SA already has comparatively high logistics costs - calculated at 12.7% of GDP in 2010 - which are likely to increase in the near future because of turbulent oil prices, the proposed carbon tax and possible implementation of the Gauteng e-tolling system.
This is according to Reetsang Mothibi, Imperial Logistics’ senior environmental specialist, who adds in the 8th Annual Logistics Survey for SA 2011 that the industry is also vulnerable to the potential impact of climate change and severe weather conditions, which can disrupt supply chain networks.
Given the current state-of-practice, Mothibi says that much can be done to reduce resource consumption and greenhouse gas emissions. Her list of suggested measures include:
• Developing and implementing energy-efficient technologies for buildings and vehicles
• Redesigning distribution networks to shorten distances and consolidate cargo - decreasing fuel consumption per payload
• Training drivers to employ driving techniques that conserve fuel
• Adding additives to diesel to reduce consumption and emissions
• Driving sustainability through the value chain by forming partnerships with service providers and customers to find innovative ways of curbing consumption and emissions
• Including sustainability requirements in procurement policies.
She says that although these measures are by no means novel, the implementation of “green logistics” only started to gain momentum recently, as environmentally-responsible companies started rolling out environmental requirements to their supply chains through procurement policies.
Apart from harnessing business influence to enforce environmentally-sustainable practices along the supply chain, Mothibi says that government incentives also play a role in encouraging the business sector to implement new technologies, by offering rebates or co-funding energy-efficiency initiatives. “Participating in government incentive schemes enables companies that would otherwise not be able to procure new technologies, to do so, and encourages others to hasten the implementation of such technologies.”
Two such government incentive programmes that logistics businesses can participate in are:
1. Eskom’s Integrated Demand Management programme
The National Energy Efficiency Strategy for SA - last reviewed in 2008 - sets the national target for energy-efficiency improvement at 12% by 2015, to sustainably meet the country’s energy needs. The strategy is supported by Eskom’s Integrated Demand Management (IDM) programme, which aims to promote and implement energy-efficient technologies and behavioural change.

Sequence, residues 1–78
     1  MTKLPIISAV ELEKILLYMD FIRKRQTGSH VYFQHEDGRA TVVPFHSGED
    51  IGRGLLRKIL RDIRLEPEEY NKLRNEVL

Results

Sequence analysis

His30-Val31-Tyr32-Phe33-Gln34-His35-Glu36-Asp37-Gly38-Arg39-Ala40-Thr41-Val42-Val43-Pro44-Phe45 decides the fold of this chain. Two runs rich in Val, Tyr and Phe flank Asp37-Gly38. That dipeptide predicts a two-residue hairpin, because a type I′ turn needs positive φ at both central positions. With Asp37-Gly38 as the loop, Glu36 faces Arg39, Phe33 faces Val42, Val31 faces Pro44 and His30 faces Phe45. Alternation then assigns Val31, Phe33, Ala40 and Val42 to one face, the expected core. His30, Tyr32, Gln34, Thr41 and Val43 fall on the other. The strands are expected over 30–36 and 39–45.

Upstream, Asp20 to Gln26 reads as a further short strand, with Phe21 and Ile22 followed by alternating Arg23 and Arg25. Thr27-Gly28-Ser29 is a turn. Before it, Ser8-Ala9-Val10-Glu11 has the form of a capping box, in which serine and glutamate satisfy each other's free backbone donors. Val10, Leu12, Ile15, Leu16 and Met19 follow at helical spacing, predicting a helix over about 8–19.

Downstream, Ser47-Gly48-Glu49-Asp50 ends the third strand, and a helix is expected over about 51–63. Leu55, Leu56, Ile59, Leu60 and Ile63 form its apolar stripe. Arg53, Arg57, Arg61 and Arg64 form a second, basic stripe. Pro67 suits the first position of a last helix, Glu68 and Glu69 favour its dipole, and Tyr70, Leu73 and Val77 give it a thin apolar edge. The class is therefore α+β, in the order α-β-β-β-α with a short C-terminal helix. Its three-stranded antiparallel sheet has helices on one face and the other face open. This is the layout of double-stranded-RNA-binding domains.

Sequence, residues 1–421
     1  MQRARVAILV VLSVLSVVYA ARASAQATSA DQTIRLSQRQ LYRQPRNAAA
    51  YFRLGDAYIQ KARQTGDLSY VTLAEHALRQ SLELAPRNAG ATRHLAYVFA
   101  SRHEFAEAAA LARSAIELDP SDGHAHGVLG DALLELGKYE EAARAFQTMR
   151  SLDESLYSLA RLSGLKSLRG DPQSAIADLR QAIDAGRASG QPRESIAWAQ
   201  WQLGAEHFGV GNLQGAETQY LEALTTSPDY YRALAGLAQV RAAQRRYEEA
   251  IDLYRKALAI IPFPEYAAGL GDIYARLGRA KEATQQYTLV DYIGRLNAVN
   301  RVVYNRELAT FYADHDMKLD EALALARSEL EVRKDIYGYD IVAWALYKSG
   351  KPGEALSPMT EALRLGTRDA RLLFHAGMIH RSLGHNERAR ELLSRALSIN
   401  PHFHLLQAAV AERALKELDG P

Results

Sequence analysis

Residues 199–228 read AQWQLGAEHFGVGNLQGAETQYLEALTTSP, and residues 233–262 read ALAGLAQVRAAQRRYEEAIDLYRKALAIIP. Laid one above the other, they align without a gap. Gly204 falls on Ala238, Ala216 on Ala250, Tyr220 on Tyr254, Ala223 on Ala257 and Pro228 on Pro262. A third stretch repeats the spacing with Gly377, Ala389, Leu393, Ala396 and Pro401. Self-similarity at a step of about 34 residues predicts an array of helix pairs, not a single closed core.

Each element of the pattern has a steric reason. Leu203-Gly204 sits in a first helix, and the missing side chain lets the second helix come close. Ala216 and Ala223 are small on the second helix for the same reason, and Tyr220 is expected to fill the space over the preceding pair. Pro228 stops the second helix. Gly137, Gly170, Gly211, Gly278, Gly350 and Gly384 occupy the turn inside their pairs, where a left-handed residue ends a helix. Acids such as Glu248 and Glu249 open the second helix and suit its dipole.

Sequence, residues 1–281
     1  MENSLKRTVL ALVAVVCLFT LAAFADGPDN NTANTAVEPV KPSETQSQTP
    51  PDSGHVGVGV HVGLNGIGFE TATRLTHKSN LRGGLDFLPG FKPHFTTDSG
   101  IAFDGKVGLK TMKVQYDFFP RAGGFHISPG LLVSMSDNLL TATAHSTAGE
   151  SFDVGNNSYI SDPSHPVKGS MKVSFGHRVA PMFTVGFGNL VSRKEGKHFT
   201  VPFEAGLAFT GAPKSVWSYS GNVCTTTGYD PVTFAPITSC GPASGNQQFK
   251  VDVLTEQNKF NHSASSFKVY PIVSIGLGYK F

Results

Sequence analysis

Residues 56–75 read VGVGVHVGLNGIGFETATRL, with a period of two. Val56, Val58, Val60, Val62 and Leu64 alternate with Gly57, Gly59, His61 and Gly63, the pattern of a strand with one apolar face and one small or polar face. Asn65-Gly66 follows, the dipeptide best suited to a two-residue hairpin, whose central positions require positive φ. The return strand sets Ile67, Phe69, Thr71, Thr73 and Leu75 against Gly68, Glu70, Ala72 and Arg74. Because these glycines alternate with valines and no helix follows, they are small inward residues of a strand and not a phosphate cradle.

Eskom awards a rebate to participating companies for implementing energy-efficiency initiatives geared towards reducing electricity consumption. Technologies funded include:
• Energy-efficient lighting systems
• Building management systems
• Electric hot water systems
• Process optimisation
Mothibi explains that these incentives are very important because electricity consumption at warehouses and office spaces is the second-largest source of CO2 emissions in the logistics industry after fuel consumption. “The graphic above shows that industrial sites - which include manufacturing and warehousing as well as commercial sites, including retail space and office buildings - account for nearly 60% of SA’s electricity usage. Therefore targeting these sites will greatly reduce SA’s carbon footprint, buffer supply chains against the risks, and cut down on operational costs for businesses.”
2. Industrial Energy-Efficiency project
Mothibi describes the Industrial Energy-Efficiency project - hosted by the National Cleaner Production Centre - as a collaboration between the government and international donors. “Its objectives are to assist companies in reducing their greenhouse gas emissions, and to enhance competitiveness through improved energy-efficiency. The focus areas are energy management systems standard (ISO 50 001), energy systems optimisation, and capacity building.”
The 8th Annual Logistics Survey for SA 2011 was prepared by the Council for Scientific and Industrial Research (CSIR), Imperial Logistics and Stellenbosch University. The full survey can be downloaded from www.csir.co.za/sol; www.imperiallogistics.co.za or www.sun.ac.za/cscm